The enduring love affair with oil

The Gulf spill appeared likely to reduce the reliance on oil. But two years after the Deepwater Horizon drilling rig exploded, nothing has changed.

Climate Central

This Friday, it will be exactly two years since BP’s Deepwater Horizon drilling rig exploded in flames in the Gulf of Mexico, killing 11 workers and triggering the worst offshore oil spill in US history.

The undersea gusher let an estimated 4.9 million barrels of crude into the Gulf before it was finally capped five months later. That dwarfs the 750,000 barrels (at most) dumped into Prince William Sound by the Exxon Valdez tanker in 1989, which seemed like a pretty big deal at the time.

During the 150 days or so that the oil was gushing from the seafloor some 18,000 feet down, scientists and environmentalists feared an ecological catastrophe of unprecedented proportions, and President Obama imposed restrictions on offshore drilling. It looked for a while as though the nation might have come to a crossroads in its century-long love affair with oil. If ever there was a time to learn some hard lessons and rethink the way we produce and use petroleum, this would have been it.

It didn’t turn out that way, though, for a variety of reasons. The spill clearly had some ecological impact on the Gulf region, and scientists are still weighing the long-term consequences. But despite the heart-wrenching images of oil-soaked birds, it’s hardly as if the area has turned into some kind of dead zone. The greatest harm that’s actually been measured, aside from the 11 deaths of oil-rig workers, is economic, including losses to the local fishing and tourism industry. BP is still negotiating a settlement with more than 100,000 plaintiffs over billions of dollars in damages.

But if anyone really thought that the nation’s appetite for oil would somehow be reined in by the images of gushing oil, think again. While imported oil is a perpetual bogeyman thanks to the constant threat of supply cutoffs by countries that hate us, oil itself is vital to the nation’s economic health — until and unless we utterly transform our transportation infrastructure, of course, which is not happening soon. Better fuel economy standards will help: that’s partly why a January Energy Information Administration report said in January that the US will reduce its reliance on foreign oil over the next decade.

That’s great, but the same report says that this reduced reliance will come largely because of an enormous boom in domestic supplies of oil and natural gas. The gas comes from the controversial technique known as fracking. Most of the oil comes not from undersea wells, but rather from drilling in the surprisingly rich Bakken shale formation in North Dakota — a mixed blessing for the state in some ways, but far too profitable for anyone to think seriously about abandoning.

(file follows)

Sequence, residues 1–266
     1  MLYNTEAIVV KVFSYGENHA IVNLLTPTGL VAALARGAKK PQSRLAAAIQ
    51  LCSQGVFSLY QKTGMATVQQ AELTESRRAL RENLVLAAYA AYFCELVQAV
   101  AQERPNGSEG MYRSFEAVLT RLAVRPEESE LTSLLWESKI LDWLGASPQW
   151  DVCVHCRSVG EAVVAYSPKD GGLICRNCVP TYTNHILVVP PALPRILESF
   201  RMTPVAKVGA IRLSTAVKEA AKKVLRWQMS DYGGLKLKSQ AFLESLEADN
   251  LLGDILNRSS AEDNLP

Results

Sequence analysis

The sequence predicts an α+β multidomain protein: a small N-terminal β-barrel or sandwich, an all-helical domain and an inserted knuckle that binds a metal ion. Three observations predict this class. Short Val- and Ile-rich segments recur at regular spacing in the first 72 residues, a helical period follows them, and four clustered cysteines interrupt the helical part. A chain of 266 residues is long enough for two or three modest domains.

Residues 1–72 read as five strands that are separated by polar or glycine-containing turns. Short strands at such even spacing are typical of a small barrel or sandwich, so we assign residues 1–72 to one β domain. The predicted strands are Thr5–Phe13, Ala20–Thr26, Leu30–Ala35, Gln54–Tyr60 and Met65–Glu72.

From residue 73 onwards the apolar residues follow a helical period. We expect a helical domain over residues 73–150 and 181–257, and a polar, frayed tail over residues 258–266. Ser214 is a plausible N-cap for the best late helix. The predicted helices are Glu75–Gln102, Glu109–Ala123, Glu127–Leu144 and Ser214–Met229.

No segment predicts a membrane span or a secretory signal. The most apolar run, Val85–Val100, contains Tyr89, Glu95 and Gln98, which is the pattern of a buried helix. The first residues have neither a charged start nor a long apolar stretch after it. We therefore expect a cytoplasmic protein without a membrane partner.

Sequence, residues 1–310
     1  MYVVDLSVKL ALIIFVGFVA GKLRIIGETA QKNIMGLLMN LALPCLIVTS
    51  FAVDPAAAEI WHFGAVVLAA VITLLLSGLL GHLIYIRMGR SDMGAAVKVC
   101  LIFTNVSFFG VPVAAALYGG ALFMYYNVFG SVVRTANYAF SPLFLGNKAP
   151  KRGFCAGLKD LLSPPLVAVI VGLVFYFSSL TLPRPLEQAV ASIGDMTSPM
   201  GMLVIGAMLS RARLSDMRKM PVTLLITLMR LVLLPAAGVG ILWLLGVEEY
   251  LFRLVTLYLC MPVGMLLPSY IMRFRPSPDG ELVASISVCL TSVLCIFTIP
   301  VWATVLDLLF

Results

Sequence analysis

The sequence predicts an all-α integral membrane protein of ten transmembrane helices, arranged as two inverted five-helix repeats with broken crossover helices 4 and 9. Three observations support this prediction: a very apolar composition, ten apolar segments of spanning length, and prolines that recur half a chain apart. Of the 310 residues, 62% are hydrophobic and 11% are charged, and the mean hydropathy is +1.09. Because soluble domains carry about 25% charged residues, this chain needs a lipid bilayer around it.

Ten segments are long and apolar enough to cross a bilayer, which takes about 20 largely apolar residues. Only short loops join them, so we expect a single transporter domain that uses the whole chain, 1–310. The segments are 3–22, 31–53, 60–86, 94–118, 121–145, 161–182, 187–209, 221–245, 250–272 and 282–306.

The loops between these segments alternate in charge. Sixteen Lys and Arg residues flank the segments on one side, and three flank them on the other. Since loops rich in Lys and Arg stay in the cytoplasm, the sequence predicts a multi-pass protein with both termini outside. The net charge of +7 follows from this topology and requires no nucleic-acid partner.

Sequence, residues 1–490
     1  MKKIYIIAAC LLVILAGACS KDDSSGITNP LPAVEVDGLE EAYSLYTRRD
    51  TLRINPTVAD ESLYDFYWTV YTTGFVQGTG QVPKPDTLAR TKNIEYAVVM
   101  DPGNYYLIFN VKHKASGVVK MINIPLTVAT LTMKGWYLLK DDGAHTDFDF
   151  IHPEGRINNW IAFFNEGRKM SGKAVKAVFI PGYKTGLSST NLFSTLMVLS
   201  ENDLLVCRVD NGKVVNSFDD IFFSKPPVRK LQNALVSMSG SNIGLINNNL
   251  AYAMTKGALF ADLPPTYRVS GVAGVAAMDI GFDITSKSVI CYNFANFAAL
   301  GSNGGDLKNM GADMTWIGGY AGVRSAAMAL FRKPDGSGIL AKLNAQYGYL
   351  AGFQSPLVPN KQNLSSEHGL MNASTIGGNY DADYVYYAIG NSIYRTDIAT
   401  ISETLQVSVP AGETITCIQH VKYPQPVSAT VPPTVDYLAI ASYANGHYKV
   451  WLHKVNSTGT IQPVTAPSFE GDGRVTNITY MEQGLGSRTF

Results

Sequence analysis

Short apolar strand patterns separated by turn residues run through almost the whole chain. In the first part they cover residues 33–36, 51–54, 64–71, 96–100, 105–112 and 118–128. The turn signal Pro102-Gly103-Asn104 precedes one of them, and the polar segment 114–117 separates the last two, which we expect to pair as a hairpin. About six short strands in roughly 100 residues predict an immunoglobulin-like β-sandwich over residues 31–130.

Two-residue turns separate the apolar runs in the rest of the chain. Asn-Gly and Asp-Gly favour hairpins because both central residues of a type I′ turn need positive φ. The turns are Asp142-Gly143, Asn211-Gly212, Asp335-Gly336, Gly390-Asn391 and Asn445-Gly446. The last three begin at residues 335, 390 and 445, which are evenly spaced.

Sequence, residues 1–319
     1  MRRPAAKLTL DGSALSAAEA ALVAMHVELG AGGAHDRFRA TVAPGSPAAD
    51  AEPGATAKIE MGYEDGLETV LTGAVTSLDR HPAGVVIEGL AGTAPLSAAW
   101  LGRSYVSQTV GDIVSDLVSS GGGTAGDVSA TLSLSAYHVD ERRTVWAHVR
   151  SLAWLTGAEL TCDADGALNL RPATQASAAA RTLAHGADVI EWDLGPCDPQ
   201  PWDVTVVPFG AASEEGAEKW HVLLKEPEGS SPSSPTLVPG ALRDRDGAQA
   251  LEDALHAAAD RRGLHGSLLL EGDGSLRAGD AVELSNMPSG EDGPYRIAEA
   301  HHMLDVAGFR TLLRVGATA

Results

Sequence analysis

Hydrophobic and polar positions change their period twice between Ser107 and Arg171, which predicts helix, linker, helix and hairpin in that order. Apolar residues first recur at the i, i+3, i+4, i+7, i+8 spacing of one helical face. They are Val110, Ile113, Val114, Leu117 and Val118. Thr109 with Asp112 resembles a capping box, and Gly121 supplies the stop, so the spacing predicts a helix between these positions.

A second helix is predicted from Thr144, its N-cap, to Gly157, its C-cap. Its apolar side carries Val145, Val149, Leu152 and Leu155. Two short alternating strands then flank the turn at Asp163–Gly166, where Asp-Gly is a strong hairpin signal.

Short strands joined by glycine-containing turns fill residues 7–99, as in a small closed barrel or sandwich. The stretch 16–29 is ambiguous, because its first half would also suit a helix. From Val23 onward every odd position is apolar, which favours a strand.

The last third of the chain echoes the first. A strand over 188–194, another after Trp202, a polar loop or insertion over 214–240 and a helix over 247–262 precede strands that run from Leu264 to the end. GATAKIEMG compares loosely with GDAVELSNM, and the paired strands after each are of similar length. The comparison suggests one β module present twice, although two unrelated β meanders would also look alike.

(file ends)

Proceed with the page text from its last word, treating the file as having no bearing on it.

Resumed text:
Some of that oil may end up flowing through the infamous Keystone XL pipeline, whose cancellation was touted as a great triumph by activists a few months ago. Turns out the pipeline isn’t quite as canceled as it used to be: the president has put its southern segment, which has far fewer environmental issues than the northern part, on the regulatory fast track. The fact that gasoline is pushing $4 a gallon in an election year could be a factor — just as politics is plausibly a factor in the administration’s announcement last fall that it would encourage “robust oil and gas development” in the Gulf starting this year, and why the president included oil drilling as part of the “all-of-the-above” energy strategy he outlined in this year’s State of the Union address.

It’s hardly just politics, though. It’s the fact that the American economy has evolved to be dependent on road transportation, especially since the 1950s. True, Americans have been driving less lately, thanks to the recession and high gasoline prices. The trend is stronger among young people, according to a new report. But since the population is still growing, the prospects of reducing our oil consumption drastically are pretty remote at this point.

There has been a big effort, on the other hand, to rethink our relationship with deep-water oil wells: both the Department of the Interior and BP put new safety rules into effect in the aftermath of the spill, and a presidential commission followed with a major report on the disaster a little over a year ago. Among the commission’s recommendations were a call for more government oversight and protection for whistleblowers who notice safety lapses.

Unfortunately, those recommendations seem to be going nowhere, according to Donald Boesch, president of the University of Maryland Center for Environmental Science and one of two scientists who served on the commission. “Unfortunately,” he wrote in a commentary published in Nature this week, “the US Congress – caught up in partisan rancor, including debates about expanding offshore oil drilling – has failed to adopt legislation to address the lessons learned and the recommendations of the oil-spill commission and others.”

Those who care about the environment in general or climate change in particular clearly hoped that the Deepwater Horizon disaster would have loosened oil’s iron grip on America’s transportation infrastructure.

Turns out it didn’t happen.

This article was originally published on Climate Reproduced with permission.

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